The number of decomposition levels which determines the number of scales, affects the analysis results. Increasing the number of decomposition levels will reduce the band width of the frequency component of each scale and hence the interfering signal components may be better distinguished from the transient particle signature. However, too many decomposition levels inevitably increase computing time which is undesirable for on line applications. To specify appropriate decomposition levels, it may be useful to know the transient particle signal frequency range. The frequency resolution of the highest scale may preferably be high enough to identify the lowest frequency of interest. In other words, the frequency band width of the highest scale may preferably be smaller than the lowest frequency of interest. Denoting ƒ_{w }as the frequency band width of the highest scale and L as the number of decomposition levels, ƒ_{w }should satisfy the following condition
ƒ_{w}=ƒ_{s}/2^{L+1}<ƒ_{l} (12)
where ƒ_{l}=ν_{min}/l_{c }is the lowest frequency of interest, and ƒ_{s }denotes the sampling frequency. Then,
For example, if the sampling frequency is 8000 Hz, the decomposition level should satisfy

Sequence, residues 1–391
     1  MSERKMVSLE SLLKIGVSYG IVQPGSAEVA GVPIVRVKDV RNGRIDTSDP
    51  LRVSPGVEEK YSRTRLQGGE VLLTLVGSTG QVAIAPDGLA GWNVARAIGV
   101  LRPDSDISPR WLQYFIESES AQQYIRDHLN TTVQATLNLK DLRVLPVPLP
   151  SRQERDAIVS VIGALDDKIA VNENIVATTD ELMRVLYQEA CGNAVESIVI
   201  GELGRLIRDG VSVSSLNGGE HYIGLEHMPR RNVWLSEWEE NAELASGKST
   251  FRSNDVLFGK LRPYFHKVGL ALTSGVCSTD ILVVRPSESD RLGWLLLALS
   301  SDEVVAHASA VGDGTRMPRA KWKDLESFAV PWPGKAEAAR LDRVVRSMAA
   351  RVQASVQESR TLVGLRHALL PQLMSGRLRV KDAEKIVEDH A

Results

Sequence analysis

In the version of TIWT analysis as shown in
The enhanced ability of oil debris sensors in detecting very small particles provides better responsiveness to machinery fault signals and makes it possible to issue warnings at a much earlier stage. The added capacity in eliminating vibration or vibration-like spurious signals can improve the quality of maintenance decisions and thus reduce false alarms in fault detection.
In the described method, the accuracy of the analysis results depends, to a certain extent, on the calculation of kurtosis. If the size of wavelet coefficients decreases, the accuracy of kurtosis will decrease accordingly. This weakness can be compensated for by jointly using TIWT in the algorithm because the TIWT can effectively maintain constant wavelet coefficient size and hence the accuracy of kurtosis can be preserved.